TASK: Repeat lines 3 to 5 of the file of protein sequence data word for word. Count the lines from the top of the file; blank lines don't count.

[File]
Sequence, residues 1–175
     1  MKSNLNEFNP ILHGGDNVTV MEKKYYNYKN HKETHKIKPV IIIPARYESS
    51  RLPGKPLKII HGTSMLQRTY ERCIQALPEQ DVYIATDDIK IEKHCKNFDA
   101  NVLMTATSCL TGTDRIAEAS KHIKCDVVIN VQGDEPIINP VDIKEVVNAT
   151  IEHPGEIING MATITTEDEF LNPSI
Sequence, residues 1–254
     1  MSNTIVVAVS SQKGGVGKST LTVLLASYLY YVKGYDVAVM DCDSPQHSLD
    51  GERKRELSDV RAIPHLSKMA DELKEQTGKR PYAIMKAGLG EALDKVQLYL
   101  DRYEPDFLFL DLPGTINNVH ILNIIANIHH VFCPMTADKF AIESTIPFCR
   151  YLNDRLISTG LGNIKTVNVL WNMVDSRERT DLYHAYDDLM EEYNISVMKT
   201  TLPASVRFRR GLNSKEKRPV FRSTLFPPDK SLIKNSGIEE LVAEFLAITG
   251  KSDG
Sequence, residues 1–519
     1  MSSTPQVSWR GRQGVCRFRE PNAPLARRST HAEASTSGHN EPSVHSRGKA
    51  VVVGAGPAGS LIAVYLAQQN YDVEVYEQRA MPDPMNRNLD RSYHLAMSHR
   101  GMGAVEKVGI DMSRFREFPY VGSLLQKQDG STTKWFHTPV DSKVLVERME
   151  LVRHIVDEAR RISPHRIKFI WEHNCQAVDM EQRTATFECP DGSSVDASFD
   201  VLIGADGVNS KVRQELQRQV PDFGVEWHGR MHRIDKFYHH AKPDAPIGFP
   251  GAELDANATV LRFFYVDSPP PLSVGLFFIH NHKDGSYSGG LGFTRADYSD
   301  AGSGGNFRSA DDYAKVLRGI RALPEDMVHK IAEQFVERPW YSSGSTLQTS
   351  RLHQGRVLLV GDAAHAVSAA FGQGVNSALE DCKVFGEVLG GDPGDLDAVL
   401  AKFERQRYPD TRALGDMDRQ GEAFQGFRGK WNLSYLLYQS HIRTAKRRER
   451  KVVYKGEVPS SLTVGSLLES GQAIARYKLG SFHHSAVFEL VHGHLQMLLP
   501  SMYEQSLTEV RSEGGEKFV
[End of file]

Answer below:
    51  RLPGKPLKII HGTSMLQRTY ERCIQALPEQ DVYIATDDIK IEKHCKNFDA
   101  NVLMTATSCL TGTDRIAEAS KHIKCDVVIN VQGDEPIINP VDIKEVVNAT
   151  IEHPGEIING MATITTEDEF LNPSI